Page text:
BHealthy Blog

How the NICU Can Help your Baby

Johni Beth Teague BSN, RN NICU Nurse Manager When you write your birth plan, it likely doesn’t include your baby going to the NICU.  The NICU, or Neonatal Intensive Care Unit, is a facility within Baptist Health Medical Center-Little Rock that contains equipment specifically designed for newborns that need a little extra attention, as well as medical staff trained specifically to work with them. There are a few primary reasons that babies are admitted to the NICU:Why are babies admitted to the NICU?
  • They’re born prematurely
  • There are complications with the delivery
  • The newborn shows signs of an illness within the first few hours or days after birth
Babies in the NICU are generally infants who have not gone home after birth. If your baby needs to go to the NICU, it can be a frightening process because of all the unknowns.  It’s important to remember that your baby is going to the NICU to receive the extra attention they need to be able to come home healthy.  Your baby will receive tailored care and will interact with highly qualified individuals: neonatologists, speech, occupational and physical therapists, primary nurses, neonatal nurse practitioners, dietitians (who work with newborns who receive IV nutrition) and many others.  As a baby friendly certified hospital, at Baptist Health our priority is to have mom and baby together. That means, as soon as you are healthy enough to go see your baby in the NICU, the nurses will help and encourage you to visit with your baby.  The NICU at Baptist Health Medical Center -Little Rock is a Level 3B NICU, and allows you (as the parent) to visit 24/7. We encourage our moms to provide breast milk to their NICU babies and here are a few key ways we try to help with that:
  • Promote pumping as soon as possible so the milk can be delivered to your baby in the NICU
  • Promote pumping bedside – in the NICU next to your baby
  • We have lactation consultants specifically for the NICU working with you and baby.
  • We encourage Skin2Skin or Kangaroo Time for family members of the baby. This special bonding is great for both baby and mom. Helping baby regulate their temperature and helping mom bond and encourage milk production.
  • Our NICU features a technology called Angel Eye – allowing parents to see their baby while they are separated from them.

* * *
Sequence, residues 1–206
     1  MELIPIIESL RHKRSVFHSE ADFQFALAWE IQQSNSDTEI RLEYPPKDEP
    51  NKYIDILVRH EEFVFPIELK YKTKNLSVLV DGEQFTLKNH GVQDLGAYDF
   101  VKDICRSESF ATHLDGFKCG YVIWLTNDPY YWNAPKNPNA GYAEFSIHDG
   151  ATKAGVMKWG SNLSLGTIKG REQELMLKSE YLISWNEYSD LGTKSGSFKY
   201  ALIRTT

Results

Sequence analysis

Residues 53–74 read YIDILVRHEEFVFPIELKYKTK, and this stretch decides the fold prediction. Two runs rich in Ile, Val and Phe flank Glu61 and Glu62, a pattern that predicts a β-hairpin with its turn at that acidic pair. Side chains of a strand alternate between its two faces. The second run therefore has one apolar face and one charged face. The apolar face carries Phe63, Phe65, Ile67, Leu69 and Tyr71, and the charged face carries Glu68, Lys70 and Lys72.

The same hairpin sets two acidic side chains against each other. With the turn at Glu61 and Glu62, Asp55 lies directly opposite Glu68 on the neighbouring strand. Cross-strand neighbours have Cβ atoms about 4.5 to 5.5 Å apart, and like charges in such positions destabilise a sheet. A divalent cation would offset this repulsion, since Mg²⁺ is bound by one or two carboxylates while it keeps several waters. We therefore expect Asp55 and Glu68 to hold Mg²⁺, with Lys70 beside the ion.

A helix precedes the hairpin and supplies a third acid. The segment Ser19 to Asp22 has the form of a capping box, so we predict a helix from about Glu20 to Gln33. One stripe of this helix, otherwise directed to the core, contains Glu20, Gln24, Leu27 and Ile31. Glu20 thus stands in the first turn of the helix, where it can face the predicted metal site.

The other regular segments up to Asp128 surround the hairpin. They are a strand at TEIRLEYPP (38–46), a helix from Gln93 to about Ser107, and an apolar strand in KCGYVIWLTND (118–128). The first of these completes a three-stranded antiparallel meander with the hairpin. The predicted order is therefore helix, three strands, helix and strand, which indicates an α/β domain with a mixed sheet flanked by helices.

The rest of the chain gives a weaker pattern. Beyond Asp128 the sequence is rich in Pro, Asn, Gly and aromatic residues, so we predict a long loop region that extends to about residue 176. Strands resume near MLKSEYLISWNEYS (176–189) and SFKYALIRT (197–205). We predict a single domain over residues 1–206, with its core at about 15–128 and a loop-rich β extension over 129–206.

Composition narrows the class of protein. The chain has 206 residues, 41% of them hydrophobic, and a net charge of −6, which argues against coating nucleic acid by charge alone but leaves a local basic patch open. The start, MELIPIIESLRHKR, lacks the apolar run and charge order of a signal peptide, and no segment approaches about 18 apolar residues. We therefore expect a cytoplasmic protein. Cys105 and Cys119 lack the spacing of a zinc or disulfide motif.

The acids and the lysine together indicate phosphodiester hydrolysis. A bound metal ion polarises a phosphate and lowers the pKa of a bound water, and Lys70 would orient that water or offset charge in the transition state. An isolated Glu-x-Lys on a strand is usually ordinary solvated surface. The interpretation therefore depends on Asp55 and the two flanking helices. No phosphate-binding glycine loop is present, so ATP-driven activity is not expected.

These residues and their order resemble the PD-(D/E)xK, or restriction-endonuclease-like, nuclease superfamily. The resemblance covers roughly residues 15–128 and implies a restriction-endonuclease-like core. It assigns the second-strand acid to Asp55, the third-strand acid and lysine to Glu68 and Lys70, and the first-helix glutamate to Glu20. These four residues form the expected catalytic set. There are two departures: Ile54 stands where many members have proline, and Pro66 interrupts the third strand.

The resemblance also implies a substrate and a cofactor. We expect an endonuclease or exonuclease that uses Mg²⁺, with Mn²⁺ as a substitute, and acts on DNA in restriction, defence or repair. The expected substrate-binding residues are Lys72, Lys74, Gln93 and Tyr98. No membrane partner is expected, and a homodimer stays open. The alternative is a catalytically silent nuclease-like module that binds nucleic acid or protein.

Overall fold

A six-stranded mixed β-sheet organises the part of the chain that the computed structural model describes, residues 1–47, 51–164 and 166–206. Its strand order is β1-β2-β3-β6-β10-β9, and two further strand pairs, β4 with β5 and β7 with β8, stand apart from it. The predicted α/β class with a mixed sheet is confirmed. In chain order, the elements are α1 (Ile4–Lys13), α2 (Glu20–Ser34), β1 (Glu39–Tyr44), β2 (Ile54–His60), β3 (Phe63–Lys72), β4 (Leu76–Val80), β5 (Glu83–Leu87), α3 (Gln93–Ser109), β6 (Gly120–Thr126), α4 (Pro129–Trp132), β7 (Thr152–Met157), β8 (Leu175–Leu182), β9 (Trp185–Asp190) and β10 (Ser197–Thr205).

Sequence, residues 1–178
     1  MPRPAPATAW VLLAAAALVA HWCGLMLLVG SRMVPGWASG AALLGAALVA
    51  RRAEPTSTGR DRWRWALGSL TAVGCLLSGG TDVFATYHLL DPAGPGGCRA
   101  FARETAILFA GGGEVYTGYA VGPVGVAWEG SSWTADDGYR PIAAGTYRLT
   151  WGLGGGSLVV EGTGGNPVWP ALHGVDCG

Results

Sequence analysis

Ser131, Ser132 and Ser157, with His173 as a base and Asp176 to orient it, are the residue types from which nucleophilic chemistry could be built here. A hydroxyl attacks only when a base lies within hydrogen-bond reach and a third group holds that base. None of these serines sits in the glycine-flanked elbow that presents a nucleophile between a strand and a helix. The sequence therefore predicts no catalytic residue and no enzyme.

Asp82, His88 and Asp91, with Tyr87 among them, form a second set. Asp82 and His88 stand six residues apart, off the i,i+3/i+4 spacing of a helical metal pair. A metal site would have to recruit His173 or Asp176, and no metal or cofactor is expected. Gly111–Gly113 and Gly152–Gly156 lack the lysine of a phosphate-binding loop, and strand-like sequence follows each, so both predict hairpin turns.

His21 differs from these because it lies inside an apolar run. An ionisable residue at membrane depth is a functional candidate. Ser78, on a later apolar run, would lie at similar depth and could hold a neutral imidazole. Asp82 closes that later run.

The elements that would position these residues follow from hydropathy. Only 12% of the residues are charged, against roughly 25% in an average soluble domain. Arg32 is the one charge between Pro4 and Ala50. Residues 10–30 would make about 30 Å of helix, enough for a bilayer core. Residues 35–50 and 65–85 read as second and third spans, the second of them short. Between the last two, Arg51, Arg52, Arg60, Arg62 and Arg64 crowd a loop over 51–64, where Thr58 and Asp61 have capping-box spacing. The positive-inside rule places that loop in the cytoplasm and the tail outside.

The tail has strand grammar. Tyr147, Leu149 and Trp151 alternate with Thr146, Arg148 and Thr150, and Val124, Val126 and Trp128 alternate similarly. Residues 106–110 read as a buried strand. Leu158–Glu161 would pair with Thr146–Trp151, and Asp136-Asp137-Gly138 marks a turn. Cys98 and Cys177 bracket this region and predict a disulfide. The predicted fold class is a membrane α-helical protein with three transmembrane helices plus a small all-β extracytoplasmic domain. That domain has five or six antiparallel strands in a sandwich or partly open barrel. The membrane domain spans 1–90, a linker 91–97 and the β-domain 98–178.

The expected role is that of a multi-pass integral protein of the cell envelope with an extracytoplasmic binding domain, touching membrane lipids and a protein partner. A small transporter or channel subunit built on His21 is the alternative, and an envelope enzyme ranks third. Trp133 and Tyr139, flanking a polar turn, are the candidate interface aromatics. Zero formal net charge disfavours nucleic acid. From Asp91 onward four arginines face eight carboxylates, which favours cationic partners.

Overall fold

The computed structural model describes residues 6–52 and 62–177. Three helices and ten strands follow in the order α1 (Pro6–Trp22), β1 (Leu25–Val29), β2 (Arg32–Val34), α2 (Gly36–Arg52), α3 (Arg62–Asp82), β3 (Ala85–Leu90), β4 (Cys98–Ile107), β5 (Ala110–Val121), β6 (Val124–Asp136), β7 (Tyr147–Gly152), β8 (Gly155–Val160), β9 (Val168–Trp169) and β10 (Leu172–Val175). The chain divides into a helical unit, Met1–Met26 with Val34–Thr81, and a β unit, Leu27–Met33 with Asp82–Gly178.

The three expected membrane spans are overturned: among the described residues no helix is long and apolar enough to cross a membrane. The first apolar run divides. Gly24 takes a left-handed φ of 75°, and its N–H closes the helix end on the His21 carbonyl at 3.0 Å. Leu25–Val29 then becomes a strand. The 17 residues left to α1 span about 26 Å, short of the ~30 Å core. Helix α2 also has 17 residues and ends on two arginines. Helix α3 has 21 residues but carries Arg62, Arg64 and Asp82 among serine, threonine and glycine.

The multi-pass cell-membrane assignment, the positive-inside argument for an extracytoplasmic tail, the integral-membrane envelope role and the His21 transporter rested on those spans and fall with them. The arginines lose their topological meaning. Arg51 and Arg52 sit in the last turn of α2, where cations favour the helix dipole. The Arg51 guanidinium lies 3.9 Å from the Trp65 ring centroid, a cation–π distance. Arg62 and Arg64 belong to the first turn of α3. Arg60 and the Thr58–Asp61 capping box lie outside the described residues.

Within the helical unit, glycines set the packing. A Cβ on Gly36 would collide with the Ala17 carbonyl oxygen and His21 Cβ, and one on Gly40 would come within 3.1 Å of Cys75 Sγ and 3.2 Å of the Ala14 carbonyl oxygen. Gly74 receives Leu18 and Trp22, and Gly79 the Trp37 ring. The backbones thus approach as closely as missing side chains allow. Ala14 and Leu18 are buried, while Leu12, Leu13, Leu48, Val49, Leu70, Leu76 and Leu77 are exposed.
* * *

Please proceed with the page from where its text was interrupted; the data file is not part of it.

• Most of our rooms are private and once the baby is stable, parents may stay in the room with them.
  • For those traveling in from a distance with a baby that has a prolonged stay in the NICU, the Baptist Health Foundation helps to provide rooms for families in the Inn across the street.
It might be daunting to see your baby surrounded by equipment but remember that it is all designed to play a vital role in your baby’s path to wellness.  Here are examples of the most common pieces of equipment in the NICU and their functions:Equipment in the NICUIt may be daunting to see your baby surrounded by equipment, but remember that it is all designed to play a vital role in your baby’s path to wellness. Here are examples of the most common pieces of equipment in the NICU and their functions: 1. Mechanical Ventilators Mechanical ventilators are very common in the NICU. These machines are also known as ‘breathing machines’ and are used to assist the newborn with breathing without damaging their lungs. 2. Heart Monitors (Cardiorespiratory monitors) Heart monitors in the NICU are used for all babies. The baby’s heart rate and breathing patterns are displayed on a monitor. The wires that connect to the monitors are attached to the newborn with small adhesive circles. 3. Blood Pressure Monitors A small blood pressure band is placed around the baby’s upper arm or leg and is used to measure blood pressure at different times. 4. Temperature Probes Temperature probes are placed on the baby’s skin using an adhesive patch and attached to a wire and an overhead warmer called an ‘isolette’. This machine is used to regulate the baby’s temperature and keep them warm.5. Pulse Oximeter The pulse oximeter tool is used to measure the level of oxygen in a baby’s blood. It is measured topically, through the skin. A small light is secured to the baby’s foot or hand, and a wire connects the light to a monitor that displays the amount of oxygen in the newborn’s red blood cells. Your baby will have this on at all times during their NICU stay. There are plenty of other specialized pieces of equipment, medications and tests that the staff at Baptist Health will use to help prepare your baby to come home. To learn even more about giving birth at Baptist Health, we’ve created a full guide for you with information about obtaining birth certificates, checklists and resources for breastfeeding.

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